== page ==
typedef void (__cdecl * pfnSDL_CurrentEndThread) (
  unsigned code
SDL_Thread * SDL_CreateThread(
  SDL_ThreadFunction fn,
  const char *name,
  void *data,
  pfnSDL_CurrentBeginThread pfnBeginThread,  (2)
  pfnSDL_CurrentEndThread pfnEndThread

/* from libavcodec/avcodec.h */
typedef struct AVBitStreamFilter {
  const char *name;
  const enum AVCodecID *codec_ids;
  const AVClass *priv_class;
  int priv_data_size;
  int (*init)(AVBSFContext *ctx);  (3)
  int (*filter)(AVBSFContext *ctx, AVPacket *pkt);
  void (*close)(AVBSFContext *ctx);
  void (*flush)(AVBSFContext *ctx);
} AVBitStreamFilter;
1 Setting a user-provided type-safe error callback function pointer for GLFW internal code to use.
2 Using function pointers for the creation of a thread in SDL is type-safe and specifies the calling convention as well (__cdecl and __stdcall).
3 An example of a struct holding type-safe function pointers for filters in Libav.

As directed by the Julia documentation, a user should simply use Ptr{Cvoid} to store function pointers, but that leads to fairly unsafe and fragile code. When using a type-safe, and high-level language like Julia, a user would rather be productive with their development time instead of managing type information or debugging segfaults.

Pain Point #8: Lack of support for variadic functions

…​variadic functions of different argument types are not supported.

— Calling C and Fortran Code, Julia 1.2 Documentation

The last pain point that we will highlight is the lack of support for variadic functions. Variadic functions allow users to pass arbitrary numbers and types of arguments to them. A classic example of this comes from the C standard library itself:

​int printf(const char *format, ...);​  (1)
printf("%d %s %f\n", 1234, "string", 1.5);  (2)
/* prints "1234 string 1.500000" to the terminal */
1 The printf function signature.
2 An example of calling printf with an arbitrary number of arguments of various types.

Not a lot of C libraries use variadic functions, but some very important libraries (like GLib, GTK, Gstreamer, and others) use them prolifically. When a critical function from such a library cannot be called from Julia, it makes some, or possibly all, of the features of that library inaccessible to Julia users.

The pains go away with CBinding.jl!

So now that you have a good sense of the struggle that a Julia developer faces when interfacing a C library, we wish to introduce you to our work on CBinding.jl. Below, we show our pain-free implementations of all of the pain point examples presented earlier. You will notice that they all have a very natural representation in Julia, yet they still look very similar to their original C form. Additionally, all of these capabilities are fully supported without requiring a Julia developer to do the work of the compiler.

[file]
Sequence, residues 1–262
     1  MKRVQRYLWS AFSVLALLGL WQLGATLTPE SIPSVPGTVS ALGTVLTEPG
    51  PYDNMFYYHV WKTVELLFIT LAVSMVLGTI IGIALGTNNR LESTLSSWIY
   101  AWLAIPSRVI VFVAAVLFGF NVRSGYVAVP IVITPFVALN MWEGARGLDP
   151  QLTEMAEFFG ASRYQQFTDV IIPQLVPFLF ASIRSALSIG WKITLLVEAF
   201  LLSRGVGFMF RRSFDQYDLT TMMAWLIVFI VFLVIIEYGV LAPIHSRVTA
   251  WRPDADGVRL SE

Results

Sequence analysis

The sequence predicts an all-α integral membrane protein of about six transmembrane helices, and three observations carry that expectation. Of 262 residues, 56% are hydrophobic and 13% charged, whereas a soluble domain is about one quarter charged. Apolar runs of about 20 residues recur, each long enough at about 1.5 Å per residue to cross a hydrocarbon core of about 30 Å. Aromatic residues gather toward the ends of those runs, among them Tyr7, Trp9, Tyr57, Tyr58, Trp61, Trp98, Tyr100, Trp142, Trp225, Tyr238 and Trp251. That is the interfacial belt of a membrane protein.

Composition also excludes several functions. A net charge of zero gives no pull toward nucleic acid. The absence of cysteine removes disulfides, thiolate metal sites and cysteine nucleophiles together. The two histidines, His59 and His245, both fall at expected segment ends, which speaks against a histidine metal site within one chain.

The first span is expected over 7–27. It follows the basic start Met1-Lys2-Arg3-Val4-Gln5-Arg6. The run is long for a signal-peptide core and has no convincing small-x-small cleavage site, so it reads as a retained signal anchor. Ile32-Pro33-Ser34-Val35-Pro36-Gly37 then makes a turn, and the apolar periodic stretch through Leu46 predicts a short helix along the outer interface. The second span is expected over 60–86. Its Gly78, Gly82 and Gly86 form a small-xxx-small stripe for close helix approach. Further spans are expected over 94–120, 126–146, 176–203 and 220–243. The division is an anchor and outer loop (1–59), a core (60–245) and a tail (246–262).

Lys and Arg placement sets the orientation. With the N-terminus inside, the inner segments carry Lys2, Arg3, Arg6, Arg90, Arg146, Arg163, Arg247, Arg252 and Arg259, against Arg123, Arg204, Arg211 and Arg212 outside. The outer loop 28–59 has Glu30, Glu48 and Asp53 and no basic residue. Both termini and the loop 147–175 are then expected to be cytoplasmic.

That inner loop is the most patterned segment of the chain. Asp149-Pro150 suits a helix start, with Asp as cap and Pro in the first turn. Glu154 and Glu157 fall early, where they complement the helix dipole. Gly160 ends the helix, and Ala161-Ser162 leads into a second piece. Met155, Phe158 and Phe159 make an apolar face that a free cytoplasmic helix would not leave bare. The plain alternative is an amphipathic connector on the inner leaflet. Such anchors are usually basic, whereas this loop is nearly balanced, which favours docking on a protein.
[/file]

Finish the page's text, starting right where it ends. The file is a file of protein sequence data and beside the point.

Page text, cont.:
using CBinding
# disclaimer: exact syntax and usage of CBinding may evolve slightly as it continues to mature

# from pain point #1  (1)
@cstruct Number {    # struct Number {
  kind::@cenum {     #   enum {
    INTEGER,         #     INTEGER,
    UNSIGNED,        #     UNSIGNED,
    FLOAT            #     FLOAT
  }                  #   } kind;
  @cunion {          #   union {
    i::Cint          #     int i;
    u::Cuint         #     unsigned int u;
    d::Cdouble       #     double d;
  }                  #   };
}                    # };

# from pain point #2  (2)
@cenum Choice {                     # enum Choice {
  CHOICE_NONE = 0,                  #   CHOICE_NONE = 0,
  CHOICE_FIRST,                     #   CHOICE_FIRST,
  CHOICE_SECOND,                    #   CHOICE_SECOND,
  CHOICE_LAST = 0xffffffff,         #   CHOICE_LAST = 0xffffffff,
  CHOICE_UNDECIDED = -1,            #   CHOICE_UNDECIDED = -1
}                                   # };

# from pain point #3  (3)
@cstruct _jl_taggedvalue_bits {    # struct _jl_taggedvalue_bits {
  (gc:2)::uintptr_t                #   uintptr_t gc:2;
}                                  # };
@cstruct _jl_taggedvalue_t {       # struct _jl_taggedvalue_t {
  @cunion {                        #   union {
    header::uintptr_t              #     uintptr_t header;
    next::Ptr{jl_taggedvalue_t}    #     jl_taggedvalue_t *next;
    type::Ptr{jl_value_t}          #     jl_value_t *type;
    bits::_jl_taggedvalue_bits     #     _jl_taggedvalue_bits bits;
  }                                #   };
}                                  # };
@cstruct Inner {                   # struct Inner {
  i::Cint                          #   int i;
}                                  # };
@cstruct Outer {                   # struct Outer {
  i::Inner                         #   struct Inner i;
  j::Cint                          #   int j;
}                                  # };

# from pain point #5  (4)
@cstruct snd_soc_tplg_tlv_dbscale {    # struct snd_soc_tplg_tlv_dbscale {
  min::__le32                          #   __le32 min;
  step::__le32                         #   __le32 step;
  mute::__le32                         #   __le32 mute;
} __packed__                           # } __attribute__((packed));

# from pain point #6  (5)
@ctypedef jl_array_flags_t @cstruct {    # typedef struct {
  (how:2)::uint16_t                      #   uint16_t how:2;
  (ndims:10)::uint16_t                   #   uint16_t ndims:10;